Our Righteous Father Maximos the Confessor

Beloved brothers and sisters in Christ Our Only True God and Our Only True Savior,


Apolytikion (Dismissal) Hymn of the Righteous One. Plagal of Fourth Tone

Guide of Orthodoxy, teacher of piety and holiness, luminary of the world, God-inspired adornment of monastics, O wise Maximus, by thy teachings thou hast enlightened all, O harp of the Spirit. Intercede with Christ God that our souls be saved.

Kontakion of St. Maximus. Tone 2

O Maximos divinely inspired champion of the Church, sure and illumined exponent of Orthodoxy, thou harp and trumpet of godliness, divine and holy adornment of monks: cease not to intercede for us all.

Sessional Hymn

When thou bravely didst bear persecutions for the Faith, thou didst convict every heresy and didst chase it far off; when thy tongue and hand were severed, O blest Maximus, thou didst receive a shining crown from the very hand of thy Creator for thy confession. O Father, ceaselessly pray Him now to bestow His mercy on our souls.

"Every bit of Church dogma was imposed through the blood of those ready to give their life to defend it; being a matter of life--not merely a theoretical speculation". (Theologian Fr. Dumitru Staniloae)

Saint Maximus the Confessor, the greatest of Byzantine theologians, lived through the most catastrophic period the Byzantine Empire was to experience before the Crusades.

"By birth a citizen of Constantinople and at first a high-ranking courtier at the court of the Emperor Heraclius, he then became a monk and the abbot of a monastery not far from the capital. He was the greatest defender of Orthodoxy against the so-called Monothelite heresy, which developed from the heresy of Euteches. That is to say: as Eutyches asserted that there is in Christ only one nature, so the Monothelites asserted that there is in Him only one will. Saint Maximus resisted this assertion and found himself in opposition to both the Emperor and the Patriarch. But he was unafraid, and persevered to the end in proving that there are in the Lord two natures and therefore also two wills. By his efforts, one Council in Carthage and one in Rome stood firm, and both these Councils anathematized the Monothelite teaching. Saint Maximus's sufferings for Orthodoxy cannot be fully described: tortured by hierarchs, spat upon by the mass of the people, beaten by soldiers, persecuted, imprisoned; until finally, with his tongue cut out and one hand cut off, he was condemned to exile for life in Skhimaris, where he gave his soul into God's hands in the year 662 AD." (By Saint Nikolai Velimirovich in "The Prologue from Ochrid")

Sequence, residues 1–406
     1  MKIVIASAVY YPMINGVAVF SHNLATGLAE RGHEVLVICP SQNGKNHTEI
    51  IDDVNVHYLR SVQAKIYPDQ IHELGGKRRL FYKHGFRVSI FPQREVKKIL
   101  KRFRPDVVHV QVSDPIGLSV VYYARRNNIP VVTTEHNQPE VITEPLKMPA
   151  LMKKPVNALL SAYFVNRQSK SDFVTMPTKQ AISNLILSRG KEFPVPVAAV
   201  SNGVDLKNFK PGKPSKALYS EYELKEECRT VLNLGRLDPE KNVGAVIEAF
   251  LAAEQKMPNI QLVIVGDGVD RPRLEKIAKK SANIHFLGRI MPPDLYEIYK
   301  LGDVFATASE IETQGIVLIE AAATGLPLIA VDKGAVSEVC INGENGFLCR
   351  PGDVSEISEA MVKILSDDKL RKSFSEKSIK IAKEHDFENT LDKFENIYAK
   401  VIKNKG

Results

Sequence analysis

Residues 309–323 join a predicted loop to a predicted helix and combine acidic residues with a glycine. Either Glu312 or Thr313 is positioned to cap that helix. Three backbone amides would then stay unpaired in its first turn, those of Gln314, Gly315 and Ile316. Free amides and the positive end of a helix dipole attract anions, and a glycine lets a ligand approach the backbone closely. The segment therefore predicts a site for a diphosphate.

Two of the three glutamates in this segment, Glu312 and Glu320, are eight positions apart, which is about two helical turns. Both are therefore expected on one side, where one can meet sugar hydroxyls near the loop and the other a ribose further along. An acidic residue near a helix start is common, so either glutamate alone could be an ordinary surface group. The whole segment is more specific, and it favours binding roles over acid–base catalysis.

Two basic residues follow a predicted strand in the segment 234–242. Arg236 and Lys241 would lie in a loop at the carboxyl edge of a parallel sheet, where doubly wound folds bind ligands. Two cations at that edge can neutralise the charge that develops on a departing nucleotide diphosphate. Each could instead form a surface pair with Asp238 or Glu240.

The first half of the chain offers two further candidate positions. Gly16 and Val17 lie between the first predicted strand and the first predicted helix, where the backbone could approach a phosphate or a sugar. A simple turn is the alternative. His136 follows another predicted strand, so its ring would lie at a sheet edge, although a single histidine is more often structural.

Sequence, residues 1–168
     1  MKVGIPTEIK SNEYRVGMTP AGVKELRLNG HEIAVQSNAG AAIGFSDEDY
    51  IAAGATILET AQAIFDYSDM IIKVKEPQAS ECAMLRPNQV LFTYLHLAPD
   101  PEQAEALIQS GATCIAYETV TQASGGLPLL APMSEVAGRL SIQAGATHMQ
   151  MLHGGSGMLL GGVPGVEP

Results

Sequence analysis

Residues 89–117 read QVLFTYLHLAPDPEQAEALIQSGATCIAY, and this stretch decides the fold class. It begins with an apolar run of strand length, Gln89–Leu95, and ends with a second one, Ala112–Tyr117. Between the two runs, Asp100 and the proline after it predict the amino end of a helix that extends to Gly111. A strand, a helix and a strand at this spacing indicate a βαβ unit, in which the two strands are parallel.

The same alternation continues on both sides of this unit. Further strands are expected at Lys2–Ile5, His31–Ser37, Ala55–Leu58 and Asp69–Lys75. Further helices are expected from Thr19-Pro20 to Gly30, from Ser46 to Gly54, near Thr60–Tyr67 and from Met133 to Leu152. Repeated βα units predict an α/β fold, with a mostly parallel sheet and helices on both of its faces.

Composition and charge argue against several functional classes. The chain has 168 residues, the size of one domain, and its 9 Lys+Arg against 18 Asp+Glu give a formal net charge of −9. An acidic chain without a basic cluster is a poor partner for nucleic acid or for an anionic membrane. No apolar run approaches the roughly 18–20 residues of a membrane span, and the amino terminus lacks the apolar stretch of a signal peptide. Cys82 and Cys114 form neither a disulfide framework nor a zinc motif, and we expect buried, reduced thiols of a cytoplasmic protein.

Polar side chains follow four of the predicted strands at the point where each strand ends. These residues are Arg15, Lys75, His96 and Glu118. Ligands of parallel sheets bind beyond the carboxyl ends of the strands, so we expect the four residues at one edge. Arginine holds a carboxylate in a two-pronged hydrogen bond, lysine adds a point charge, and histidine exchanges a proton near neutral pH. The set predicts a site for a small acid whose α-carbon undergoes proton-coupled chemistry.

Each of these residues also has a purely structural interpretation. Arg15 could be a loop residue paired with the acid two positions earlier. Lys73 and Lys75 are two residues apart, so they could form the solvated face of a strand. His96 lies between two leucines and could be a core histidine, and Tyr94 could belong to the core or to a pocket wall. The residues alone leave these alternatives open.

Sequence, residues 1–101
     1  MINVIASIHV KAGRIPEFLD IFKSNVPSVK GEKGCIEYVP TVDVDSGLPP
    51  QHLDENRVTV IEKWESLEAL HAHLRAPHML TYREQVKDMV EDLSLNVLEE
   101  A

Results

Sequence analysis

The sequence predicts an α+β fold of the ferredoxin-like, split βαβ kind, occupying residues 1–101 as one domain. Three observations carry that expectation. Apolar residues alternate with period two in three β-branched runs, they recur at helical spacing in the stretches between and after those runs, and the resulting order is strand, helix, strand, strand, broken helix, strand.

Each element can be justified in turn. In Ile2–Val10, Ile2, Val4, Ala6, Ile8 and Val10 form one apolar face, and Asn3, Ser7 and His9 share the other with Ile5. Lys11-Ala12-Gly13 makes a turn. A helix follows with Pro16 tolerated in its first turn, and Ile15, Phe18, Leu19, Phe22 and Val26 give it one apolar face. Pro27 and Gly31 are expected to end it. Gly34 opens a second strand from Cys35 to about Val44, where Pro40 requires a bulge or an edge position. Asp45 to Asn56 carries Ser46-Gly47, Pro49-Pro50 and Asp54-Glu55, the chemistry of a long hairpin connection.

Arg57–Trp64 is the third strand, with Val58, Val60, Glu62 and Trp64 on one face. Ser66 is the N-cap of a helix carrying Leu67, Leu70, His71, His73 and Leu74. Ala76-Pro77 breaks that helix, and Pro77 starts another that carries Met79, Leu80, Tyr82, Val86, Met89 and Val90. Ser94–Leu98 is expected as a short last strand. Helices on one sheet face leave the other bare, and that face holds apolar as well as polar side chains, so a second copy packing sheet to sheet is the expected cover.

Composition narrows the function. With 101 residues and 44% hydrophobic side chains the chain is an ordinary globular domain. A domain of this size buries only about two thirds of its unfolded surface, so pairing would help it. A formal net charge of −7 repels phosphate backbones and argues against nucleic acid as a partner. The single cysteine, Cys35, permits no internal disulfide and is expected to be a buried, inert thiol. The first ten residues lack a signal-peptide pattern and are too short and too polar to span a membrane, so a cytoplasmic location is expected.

A more detailed account of his life.

Saint Maximus the Confessor was born in Constantinople around 580 A.D. and raised in a pious Christian family. He received an excellent education, studying philosophy, grammar, and rhetoric. He was well-read in the authors of antiquity and he also mastered philosophy and theology. When Saint Maximus entered into government service, he became first secretary (asekretis) and chief counselor to the Emperor Heraclius (611-641 A.D.), who was impressed by his knowledge and virtuous life.

Saint Maximus soon realized that the Emperor and many others had been corrupted by the Monothelite heresy, which was spreading rapidly through the East. He resigned from his duties at court, and went to the Chrysopolis Monastery (at Skutari on the opposite shore of the Bosphorus), where he received monastic tonsure. Because of his humility and wisdom, he soon won the love of the brethren and was chosen Egoumenos (Abbot) of the Monastery after a few years. Even in this position, he remained a simple monk.